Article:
Primidone {164}3 {164}2 {164}1 {164}0 {234}9 {234}8 {234}7 {234}6 {234}5 {234}4 {234}3 {234}2 {234}1 {234}0 {94}9 {94}8 {94}7 {94}6    (phenytoin and phenobarbital interact reciprocally through multiple mechanisms {94}5 {94}4; concurrent use may produce variable and unpredictable effects {94}3; close monitoring of the patient is advised)

    (metabolism of primidone to phenobarbital may be increased by phenytoin {94}2 {94}1)


» Calcium {94}0 {98}9 {98}8 {98}7 {98}6 {98}5 {98}4 {98}3 {98}2 {98}1 {98}0 {99}9    (when used as an excipient in phenytoin capsules, calcium sulfate can decrease phenytoin absorption by as much as 20% {99}8)

    (concurrent use of phenytoin with calcium supplements or any tablets or capsules that contain calcium sulfate as an excipient may result in formation of nonabsorbable complexes, thereby decreasing the bioavailability of both calcium and phenytoin; patients should be advised to take these medications 1 to 3 hours apart {99}7)


Calcium channel blocking agents {99}6 {99}5 , including:
Diltiazam {99}4 or
Nifedipine {99}3 {99}2 or
Verapamil {99}1 {99}0    (caution is advised when these medications are used concurrently with phenytoin because of their ability to displace phenytoin from its protein binding sites, increasing serum free [unbound] phenytoin concentrations)

    (phenytoin also may induce the metabolism of these medications, causing decreased efficacy {164}9)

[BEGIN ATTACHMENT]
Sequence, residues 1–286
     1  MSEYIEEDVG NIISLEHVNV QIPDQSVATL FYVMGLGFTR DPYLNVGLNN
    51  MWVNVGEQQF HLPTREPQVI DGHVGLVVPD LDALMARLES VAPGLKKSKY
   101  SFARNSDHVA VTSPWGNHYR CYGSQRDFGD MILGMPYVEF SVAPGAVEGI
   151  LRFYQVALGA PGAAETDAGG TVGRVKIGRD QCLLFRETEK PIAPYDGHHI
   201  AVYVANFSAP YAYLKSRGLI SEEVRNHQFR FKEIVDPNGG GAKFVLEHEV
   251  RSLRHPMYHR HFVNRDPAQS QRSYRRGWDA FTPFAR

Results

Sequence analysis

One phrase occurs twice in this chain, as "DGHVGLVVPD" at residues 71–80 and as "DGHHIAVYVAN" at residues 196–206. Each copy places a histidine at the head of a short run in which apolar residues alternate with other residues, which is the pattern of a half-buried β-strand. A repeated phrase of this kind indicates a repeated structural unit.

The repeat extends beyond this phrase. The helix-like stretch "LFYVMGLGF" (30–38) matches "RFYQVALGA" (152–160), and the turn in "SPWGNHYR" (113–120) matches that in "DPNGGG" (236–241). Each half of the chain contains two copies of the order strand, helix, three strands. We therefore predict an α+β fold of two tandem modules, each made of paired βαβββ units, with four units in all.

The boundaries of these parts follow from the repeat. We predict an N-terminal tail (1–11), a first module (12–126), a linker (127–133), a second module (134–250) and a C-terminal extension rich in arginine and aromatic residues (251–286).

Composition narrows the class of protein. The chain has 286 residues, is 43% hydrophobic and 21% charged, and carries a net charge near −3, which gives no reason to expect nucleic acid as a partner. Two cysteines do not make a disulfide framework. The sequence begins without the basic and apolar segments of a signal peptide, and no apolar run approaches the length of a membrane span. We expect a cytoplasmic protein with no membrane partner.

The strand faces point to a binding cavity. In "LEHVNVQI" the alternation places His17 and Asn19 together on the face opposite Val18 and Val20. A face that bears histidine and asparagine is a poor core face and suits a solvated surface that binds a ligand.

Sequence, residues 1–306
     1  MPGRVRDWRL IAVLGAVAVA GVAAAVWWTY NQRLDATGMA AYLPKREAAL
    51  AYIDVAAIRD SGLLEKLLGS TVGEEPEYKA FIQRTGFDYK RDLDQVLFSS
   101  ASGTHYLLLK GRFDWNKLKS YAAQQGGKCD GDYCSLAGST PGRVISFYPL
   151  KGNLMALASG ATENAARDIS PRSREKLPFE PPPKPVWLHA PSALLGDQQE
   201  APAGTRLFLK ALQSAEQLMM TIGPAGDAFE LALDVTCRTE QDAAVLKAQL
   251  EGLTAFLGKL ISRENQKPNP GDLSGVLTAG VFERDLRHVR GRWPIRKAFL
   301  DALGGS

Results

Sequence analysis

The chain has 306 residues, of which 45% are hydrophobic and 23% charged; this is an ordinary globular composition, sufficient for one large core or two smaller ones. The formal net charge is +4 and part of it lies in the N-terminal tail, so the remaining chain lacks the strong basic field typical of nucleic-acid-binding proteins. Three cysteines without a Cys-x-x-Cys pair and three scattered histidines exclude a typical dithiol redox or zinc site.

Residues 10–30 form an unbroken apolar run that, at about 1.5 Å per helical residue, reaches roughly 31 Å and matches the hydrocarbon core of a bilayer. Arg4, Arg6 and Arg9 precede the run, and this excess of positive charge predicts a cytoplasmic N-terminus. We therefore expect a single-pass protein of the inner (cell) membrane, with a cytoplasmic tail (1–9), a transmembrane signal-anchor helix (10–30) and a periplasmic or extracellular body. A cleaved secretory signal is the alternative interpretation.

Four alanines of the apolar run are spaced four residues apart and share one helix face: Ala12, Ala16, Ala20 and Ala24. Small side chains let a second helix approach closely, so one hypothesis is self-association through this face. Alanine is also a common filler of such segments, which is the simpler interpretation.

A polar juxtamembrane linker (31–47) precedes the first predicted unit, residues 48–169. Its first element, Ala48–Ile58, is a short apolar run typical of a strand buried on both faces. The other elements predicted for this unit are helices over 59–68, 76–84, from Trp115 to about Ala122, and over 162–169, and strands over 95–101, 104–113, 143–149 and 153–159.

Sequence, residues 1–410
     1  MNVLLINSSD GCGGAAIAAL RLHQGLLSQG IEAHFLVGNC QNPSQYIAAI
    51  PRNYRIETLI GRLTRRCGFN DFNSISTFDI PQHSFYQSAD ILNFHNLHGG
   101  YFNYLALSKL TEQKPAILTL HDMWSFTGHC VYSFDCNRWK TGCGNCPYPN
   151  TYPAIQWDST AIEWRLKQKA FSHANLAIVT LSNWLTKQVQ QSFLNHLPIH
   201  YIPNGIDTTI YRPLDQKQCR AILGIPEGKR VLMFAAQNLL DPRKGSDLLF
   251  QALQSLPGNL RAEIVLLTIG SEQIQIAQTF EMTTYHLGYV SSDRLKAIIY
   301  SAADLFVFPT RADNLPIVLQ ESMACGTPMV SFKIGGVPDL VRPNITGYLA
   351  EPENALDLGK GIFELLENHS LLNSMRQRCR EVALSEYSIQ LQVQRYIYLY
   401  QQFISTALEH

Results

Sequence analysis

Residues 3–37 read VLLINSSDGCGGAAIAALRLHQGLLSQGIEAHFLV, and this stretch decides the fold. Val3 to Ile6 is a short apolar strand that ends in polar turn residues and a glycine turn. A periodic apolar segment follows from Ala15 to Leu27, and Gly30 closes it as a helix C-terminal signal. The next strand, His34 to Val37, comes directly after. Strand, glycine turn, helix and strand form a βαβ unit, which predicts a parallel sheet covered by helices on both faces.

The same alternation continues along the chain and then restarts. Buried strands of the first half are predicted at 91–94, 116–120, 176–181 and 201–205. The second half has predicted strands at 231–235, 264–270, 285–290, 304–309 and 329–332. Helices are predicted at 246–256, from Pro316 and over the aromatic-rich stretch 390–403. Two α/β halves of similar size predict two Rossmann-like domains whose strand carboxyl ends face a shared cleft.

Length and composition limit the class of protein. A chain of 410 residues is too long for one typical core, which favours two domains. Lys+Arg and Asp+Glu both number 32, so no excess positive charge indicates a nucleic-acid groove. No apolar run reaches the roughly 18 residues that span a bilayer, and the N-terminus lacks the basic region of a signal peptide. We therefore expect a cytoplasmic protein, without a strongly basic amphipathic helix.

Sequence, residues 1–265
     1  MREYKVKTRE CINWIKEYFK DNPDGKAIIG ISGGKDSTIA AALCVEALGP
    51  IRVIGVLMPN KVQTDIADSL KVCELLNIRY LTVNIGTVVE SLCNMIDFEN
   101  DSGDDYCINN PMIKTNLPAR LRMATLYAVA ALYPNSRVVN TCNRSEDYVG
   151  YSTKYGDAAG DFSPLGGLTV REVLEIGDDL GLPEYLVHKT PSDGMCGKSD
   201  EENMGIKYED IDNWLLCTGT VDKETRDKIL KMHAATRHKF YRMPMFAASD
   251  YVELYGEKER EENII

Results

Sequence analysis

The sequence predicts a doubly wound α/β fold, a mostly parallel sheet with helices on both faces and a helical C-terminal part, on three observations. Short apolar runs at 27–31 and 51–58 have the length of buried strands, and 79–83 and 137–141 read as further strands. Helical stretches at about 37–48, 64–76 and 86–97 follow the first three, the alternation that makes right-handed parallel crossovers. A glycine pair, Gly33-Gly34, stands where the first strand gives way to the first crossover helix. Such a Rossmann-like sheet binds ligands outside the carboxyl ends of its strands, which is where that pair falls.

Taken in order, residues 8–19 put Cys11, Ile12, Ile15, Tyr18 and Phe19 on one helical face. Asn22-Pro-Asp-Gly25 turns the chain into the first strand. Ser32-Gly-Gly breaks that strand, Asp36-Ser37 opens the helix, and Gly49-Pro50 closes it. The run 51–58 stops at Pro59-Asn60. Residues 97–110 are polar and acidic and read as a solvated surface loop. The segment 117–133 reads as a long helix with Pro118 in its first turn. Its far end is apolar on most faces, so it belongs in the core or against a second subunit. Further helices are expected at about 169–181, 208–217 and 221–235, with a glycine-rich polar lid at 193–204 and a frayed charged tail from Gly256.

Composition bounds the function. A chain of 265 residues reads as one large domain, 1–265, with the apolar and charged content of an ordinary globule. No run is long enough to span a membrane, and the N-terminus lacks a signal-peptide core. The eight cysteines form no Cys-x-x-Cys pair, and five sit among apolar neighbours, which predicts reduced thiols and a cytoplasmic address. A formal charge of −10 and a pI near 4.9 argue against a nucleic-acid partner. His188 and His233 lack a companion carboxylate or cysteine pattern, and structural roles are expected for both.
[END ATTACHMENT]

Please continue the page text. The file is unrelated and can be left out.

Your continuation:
Carbamazepine {164}8 {164}7 {164}6 {164}5 {164}4 {164}3 {164}2 {164}1 {164}0 {29}9 {29}8 {29}7 {29}6 {29}5 {29}4 {29}3 {29}2 {29}1    (carbamazepine has complex and variable effects on phenytoin {29}0; it may increase or decrease the clearance of phenytoin {94}9 {94}8; in most patients, phenytoin metabolism is inhibited and plasma concentrations may increase significantly, resulting in phenytoin toxicity, which can be mistaken for carbamazepine toxicity {94}7. In addition, phenytoin may reduce plasma carbamazepine concentrations, mainly by increasing CYP enzymes; in many cases, plasma concentrations of carbamazepine"s active metabolite do not change, but the ratio of metabolite to parent drug concentration increases, with a higher contribution of carbamazepine-10,11-epoxide to the overall clinical effects {94}6. Monitoring of plasma concentrations is recommended as a guide to dosage, especially when either medication is added to or withdrawn from an existing regimen {94}5 {94}4)


Carbonic anhydrase inhibitors {94}3 {94}2    (osteopenia induced by hydantoin anticonvulsants may be enhanced; it is recommended that patients receiving concurrent therapy be monitored for early signs of osteopenia and that the carbonic anhydrase inhibitor be discontinued and appropriate treatment initiated if necessary)


Chlordiazepoxide {94}1 {94}0 {97}9 {97}8 {97}7 {97}6 {97}5 or
Clonazepam {97}4 {97}3 or